What’s news in the Northwest today:
CHEYENNE, Wyo. — The governors of Idaho, Montana and Wyoming are meeting with Interior Secretary Ken Salazar in Denver to talk about wolf management. Today’s meeting comes after the states have been denied permission to hunt gray wolves, by both a federal judge and Salazar’s agency. All three states are anxious to reduce wolf numbers to protect other wildlife and reduce livestock attacks. But environmental groups have blocked the U.S. Fish and Wildlife Service from turning wolf management over to the states. A federal judge in Wyoming recently ruled that the federal wildlife agency was wrong to reject that state’s wolf management plan. Wyoming has proposed to classify wolves as predators that could be shot on sight in most of the state.
Seattle Somali community fears bomb plot backlash
SEATTLE — Seattle’s Somali community is afraid of a backlash after the holiday bomb threat was uncovered in Portland. Seattle residents with a Somali background told KOMO-TV they are concerned that people will think all Somali Muslims are potential terrorists. The director of the Somali Community Center in Seattle says she fears people will retaliate against the Somali community, one of the fastest growing immigrant groups in Seattle. Farah said some Somali Muslims were harassed after 9/11 and in September of last year, when a Somali-American suicide bomber from Seattle was accused of killing 21 peacekeepers in Mogadishu, Somalia. Last month, a woman was arrested after allegedly attacking two Muslim women from Somalia at a Tukwila gas station.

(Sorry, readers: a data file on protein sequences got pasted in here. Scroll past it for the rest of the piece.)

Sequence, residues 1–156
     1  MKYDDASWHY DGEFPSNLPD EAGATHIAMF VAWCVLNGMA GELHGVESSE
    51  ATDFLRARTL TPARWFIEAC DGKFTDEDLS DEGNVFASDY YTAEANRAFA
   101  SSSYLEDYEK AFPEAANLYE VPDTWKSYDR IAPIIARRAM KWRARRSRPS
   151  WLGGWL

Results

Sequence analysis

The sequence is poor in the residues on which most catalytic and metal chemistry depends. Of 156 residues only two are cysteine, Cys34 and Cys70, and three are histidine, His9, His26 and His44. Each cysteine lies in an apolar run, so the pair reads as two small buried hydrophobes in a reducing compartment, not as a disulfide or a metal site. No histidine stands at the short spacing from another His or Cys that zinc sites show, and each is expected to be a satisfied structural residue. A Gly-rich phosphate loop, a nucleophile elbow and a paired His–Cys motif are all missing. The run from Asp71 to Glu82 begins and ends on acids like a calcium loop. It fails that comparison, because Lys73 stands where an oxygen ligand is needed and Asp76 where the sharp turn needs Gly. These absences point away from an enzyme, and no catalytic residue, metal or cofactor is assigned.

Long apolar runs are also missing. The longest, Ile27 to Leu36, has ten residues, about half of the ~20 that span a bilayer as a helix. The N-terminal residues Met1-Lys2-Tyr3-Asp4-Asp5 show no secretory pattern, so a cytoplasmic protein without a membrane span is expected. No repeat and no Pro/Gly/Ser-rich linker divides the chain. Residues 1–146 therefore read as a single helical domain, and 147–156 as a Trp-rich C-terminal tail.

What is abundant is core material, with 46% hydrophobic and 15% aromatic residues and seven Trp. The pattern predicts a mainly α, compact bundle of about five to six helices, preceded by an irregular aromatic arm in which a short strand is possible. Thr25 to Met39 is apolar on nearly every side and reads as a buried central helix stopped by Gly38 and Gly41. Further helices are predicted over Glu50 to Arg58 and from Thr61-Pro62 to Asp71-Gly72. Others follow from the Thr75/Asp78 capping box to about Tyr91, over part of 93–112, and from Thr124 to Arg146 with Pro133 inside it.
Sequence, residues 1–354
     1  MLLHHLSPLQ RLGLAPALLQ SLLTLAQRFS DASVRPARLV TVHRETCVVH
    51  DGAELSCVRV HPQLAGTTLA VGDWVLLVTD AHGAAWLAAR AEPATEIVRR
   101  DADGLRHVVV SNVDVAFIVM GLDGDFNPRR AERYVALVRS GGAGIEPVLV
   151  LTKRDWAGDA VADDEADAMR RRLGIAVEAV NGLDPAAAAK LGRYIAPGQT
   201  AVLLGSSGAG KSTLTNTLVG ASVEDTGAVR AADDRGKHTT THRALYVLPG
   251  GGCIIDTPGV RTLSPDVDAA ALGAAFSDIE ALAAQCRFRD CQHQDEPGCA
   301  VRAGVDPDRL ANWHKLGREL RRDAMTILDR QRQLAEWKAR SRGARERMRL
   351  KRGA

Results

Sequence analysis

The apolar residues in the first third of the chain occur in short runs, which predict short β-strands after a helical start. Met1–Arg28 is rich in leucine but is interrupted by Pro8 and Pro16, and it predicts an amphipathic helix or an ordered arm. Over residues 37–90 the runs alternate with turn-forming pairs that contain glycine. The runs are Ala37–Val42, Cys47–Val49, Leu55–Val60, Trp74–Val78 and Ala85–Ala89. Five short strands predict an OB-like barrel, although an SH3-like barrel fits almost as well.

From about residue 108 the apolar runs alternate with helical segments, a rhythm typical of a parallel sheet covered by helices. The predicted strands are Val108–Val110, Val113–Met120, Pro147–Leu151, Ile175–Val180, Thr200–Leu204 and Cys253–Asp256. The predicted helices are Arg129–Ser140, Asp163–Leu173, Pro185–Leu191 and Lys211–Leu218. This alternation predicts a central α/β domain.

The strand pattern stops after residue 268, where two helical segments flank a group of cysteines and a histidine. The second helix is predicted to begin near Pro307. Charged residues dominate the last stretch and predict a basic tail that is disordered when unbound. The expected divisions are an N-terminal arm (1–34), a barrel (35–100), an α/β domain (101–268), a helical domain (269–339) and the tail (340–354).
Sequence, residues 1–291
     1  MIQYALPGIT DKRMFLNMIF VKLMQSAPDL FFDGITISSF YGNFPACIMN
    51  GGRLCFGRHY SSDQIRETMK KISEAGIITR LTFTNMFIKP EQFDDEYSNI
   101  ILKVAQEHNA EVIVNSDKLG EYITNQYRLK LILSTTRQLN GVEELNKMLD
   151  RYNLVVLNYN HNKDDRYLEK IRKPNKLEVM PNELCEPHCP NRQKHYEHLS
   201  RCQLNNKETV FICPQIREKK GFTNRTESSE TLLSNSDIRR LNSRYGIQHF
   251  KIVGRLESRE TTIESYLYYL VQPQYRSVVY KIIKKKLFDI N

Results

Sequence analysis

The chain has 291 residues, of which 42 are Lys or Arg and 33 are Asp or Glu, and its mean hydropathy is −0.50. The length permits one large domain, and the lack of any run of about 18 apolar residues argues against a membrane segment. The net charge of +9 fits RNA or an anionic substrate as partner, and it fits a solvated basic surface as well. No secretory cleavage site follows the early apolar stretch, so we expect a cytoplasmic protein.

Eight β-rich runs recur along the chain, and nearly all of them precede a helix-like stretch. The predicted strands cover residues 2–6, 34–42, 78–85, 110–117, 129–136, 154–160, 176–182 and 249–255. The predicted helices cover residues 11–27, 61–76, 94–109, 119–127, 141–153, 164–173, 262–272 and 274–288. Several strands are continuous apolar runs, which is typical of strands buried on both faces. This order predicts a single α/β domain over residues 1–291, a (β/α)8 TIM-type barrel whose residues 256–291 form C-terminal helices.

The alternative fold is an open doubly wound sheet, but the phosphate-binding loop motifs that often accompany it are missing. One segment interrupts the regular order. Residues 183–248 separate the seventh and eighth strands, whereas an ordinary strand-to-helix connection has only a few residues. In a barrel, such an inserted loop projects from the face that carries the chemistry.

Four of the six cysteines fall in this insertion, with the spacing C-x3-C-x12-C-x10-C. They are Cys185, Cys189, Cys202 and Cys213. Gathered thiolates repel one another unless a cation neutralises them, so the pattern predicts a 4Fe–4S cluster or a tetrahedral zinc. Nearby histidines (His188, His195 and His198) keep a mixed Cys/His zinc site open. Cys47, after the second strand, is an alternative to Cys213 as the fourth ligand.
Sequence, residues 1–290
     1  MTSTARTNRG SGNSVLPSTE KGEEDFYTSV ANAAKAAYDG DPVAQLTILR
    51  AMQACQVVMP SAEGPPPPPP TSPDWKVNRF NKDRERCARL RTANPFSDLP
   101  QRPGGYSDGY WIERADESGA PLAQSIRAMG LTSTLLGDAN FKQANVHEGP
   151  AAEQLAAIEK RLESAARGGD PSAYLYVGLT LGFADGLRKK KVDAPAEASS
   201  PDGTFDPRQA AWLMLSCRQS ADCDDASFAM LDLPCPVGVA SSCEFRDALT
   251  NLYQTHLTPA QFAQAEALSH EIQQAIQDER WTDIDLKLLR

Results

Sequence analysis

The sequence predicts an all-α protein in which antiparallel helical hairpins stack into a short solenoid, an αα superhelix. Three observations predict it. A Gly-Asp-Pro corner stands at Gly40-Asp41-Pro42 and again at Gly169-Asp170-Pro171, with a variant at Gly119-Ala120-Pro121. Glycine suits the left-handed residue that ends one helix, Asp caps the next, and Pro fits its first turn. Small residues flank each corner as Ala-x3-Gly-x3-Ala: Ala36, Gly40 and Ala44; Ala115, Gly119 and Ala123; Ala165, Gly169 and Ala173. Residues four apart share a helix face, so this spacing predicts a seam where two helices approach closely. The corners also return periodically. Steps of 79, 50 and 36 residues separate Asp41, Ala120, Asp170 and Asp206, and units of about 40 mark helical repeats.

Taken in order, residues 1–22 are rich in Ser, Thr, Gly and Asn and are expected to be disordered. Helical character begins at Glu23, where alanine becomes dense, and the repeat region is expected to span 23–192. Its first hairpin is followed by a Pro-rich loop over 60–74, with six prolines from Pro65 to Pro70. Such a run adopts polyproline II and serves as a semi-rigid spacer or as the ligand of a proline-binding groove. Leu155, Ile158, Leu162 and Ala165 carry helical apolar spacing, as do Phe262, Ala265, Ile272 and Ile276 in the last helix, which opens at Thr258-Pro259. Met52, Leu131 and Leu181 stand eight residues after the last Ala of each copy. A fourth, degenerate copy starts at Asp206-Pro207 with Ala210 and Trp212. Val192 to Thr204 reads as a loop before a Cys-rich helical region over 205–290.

Triple fatality on I-82 near Kennewick
KENNEWICK, Wash. — The Washington State Patrol says a pickup truck driving the wrong way on Interstate 82 Sunday night caused a five-car accident near Kennewick that killed three people. Sgt. Jody Metz told the Tri-City Herald the driver of the pickup, which burned, was one of the dead. A man and woman from the Tri-Cities in another car died, but a 3-year-old in the back seat survived. She was taken to Kadlec Medical Center in Richland and later to Sacred Heart Medical Center in Spokane. KNDU reports the child is listed in satisfactory condition.
Police officers hospitalized after fire rescue